Interesting stories get shared. That’s marketing.

 

Teaching + Story

The two techniques could also be combined. When I self-published my first two books on design I shared the details and the backstory on my blog (that’s the story). Soon I had almost as many people following me for marketing and self-publishing as I did for design. Then I started writing more specific tutorials about publishing and marketing (teaching), before releasing a book on the topic.

The fictitious photographer we talked about earlier can sell training, art prints, or custom work. Teaching—giving information away for free—will help is training business, but it will also get more exposure for his prints and custom work since he will now be seen as more of an expert.

Art prints, with a good story behind them, will demonstrate his expertise and if he shares the process will bring even more followers to his site. Soon he will have an audience following him not just for his work or teaching, but also just for who he is.

Teaching and story can be two sides of the same coin. Not every product can benefit from both story and teaching, but combined they make a very powerful business model that brings customers directly to your products.

 

I need your help.

I’m writing about teaching and story for a new (secret) project. Do you have an example or case study of using teaching or story in your business? If you know of a good example from another company feel free to share it as well (just make it clear that it’s not your own example).

Tell me your story.

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8 Responses to “How teaching and storytelling can build a profitable business”

  1. Lew Hollerbach says:

    Actually, long before we had eLearning, MOOCs, universities, SAT scores, even regular schools, the only way people learned was through stories. The story form has long been the primary learning modality through history – only until relatively recently.

    So your comments about using stories to teach is spot on. And know that this form has a long, rich history, with much precedent to back up its usefulness and power. Granted, in the old days it didn’t scale as well, which is why education became industrialized. But now, with the Internet, it’s possible to not only scale a story across the planet, but it can be scaled in such a way as to preserve as much of the 1:1 intimacy and involvement with the storyteller.

    Good post – important for everyone to know the power of storytelling!


    • Nathan Barry says:

      Thanks for that! I can’t wait to dive deeper into the power of stories.


  2. Hi Nathan.

    I am starting to get my head around the importance of story telling. Being a ‘tell me the facts’ kind of chap it took me a while to grasp the concept but I suppose I need to realise that ‘I am not my customer’.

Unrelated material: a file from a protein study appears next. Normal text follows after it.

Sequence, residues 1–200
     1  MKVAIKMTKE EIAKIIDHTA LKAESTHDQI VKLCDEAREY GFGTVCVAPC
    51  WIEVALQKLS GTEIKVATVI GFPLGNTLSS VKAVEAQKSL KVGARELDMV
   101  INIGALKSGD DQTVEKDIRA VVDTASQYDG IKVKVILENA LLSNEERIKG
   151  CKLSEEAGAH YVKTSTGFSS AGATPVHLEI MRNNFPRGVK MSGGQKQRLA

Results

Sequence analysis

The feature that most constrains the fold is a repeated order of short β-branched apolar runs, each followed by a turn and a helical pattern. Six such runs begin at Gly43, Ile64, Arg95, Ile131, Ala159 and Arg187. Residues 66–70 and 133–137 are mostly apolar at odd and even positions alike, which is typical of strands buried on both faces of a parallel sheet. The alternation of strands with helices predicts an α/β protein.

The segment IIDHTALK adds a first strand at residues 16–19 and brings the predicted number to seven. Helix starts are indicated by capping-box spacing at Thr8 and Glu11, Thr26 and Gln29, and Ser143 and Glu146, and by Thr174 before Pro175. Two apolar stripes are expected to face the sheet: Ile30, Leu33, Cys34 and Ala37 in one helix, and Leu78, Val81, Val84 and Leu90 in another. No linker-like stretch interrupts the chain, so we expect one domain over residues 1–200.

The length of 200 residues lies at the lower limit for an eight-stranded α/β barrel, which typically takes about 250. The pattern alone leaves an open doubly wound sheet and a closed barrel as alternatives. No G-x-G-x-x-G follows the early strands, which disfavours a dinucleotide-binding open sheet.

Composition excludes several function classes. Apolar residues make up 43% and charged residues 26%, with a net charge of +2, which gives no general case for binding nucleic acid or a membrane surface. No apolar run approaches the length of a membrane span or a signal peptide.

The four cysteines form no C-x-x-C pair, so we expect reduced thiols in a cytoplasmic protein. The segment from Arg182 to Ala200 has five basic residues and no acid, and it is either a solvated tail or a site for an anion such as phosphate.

So I have started to use my story in my blog.

    In summary (for those at all interested):

    After competing in 10 amateur boxing tournaments my coach suggested I took up dancing lessons to improve my footwork.

    I soon found out that dancing Salsa with girls was more fun that being hit by men.

    5 years later SALSA SQUAD was born and I was teaching Salsa full time.

    Despite the classes being busy I soon realised that, with no pension or investments, I would need to carry on teaching Salsa until my dying days, not an attractive proposition, especially for the girls!

    After reading Tim Ferris’s ‘4 hour work week’ I decided I needed to create a product around my service.

    So I made 2 ‘How To Salsa’ DVD’s.

    I then turned this into an online membership site called Cyber Salsa.

    Today that site generates more sales than my classes.

    As I share this story with people it became apparent that others had skills and knowledge that they could turn into online courses.

    And so I decided to document everything I learned from creating Cyber Salsa and put it into a free eBook.

    ‘7 Steps To Creating Your Own Profitable Online Course’ (no link, not a plug)

    ………………………………………………..

    Right now I am putting together a course which is a video based version of the above book, but it wont be ready for a few months yet.

    In the mean time I am teaching via my blog, building trust and developing my subscriber base, in much the same way that you did. I hope I can get similarly impressive results as you have.

    Thanks again for the post, here’s to story telling :-)


  3. […] strongly recommend Nathan Barry’s story-telling and teaching site. It is a great source of […]


  4. […] Your should sincerely address those objections and answer those questions with the goal of giving the readers solutions.  Believe me, they’ll love you for solving their problems.  Remember the motorcycle retailer story I have shared earlier.  This method will help your business and get you loyal customers and fans.  When you do this, you’ll be in a perfect position to be considered as an authority and expert in your field.  Let the competition do their own self-promotions.  But as for you, you’ll be marketing through education. […]


  5. Isaac says:

    Fascinating article. I was wondering if you could offer a suggestion for our situation.

    I’m currently volunteering for a small non-profit theatre group that’s having a hard time attracting an audience. We have an extensive mailing list and we work hard to get exposure in our community, but we have a hard time translating this into actual ticket sales.

    Is there a way we can apply your method to our situation?
    Thanks


    • Nathan Barry says:

      Short answer: focus better on telling stories. Why you chose the plays you did, who is behind the productions, why should the subscribers care about this particular production, etc.


  6. […] Your should sincerely address those objections and answer those questions with the goal of giving the readers solutions.  Believe me, they’ll love you for solving their problems.  Remember the motorcycle retailer story I have shared earlier.  This method will help your business and get you loyal customers and fans.  When you do this, you’ll be in a perfect position to be considered as an authority and expert in your field.  Let the competition do their own self-promotions.  But as for you, you’ll be marketing through education. […]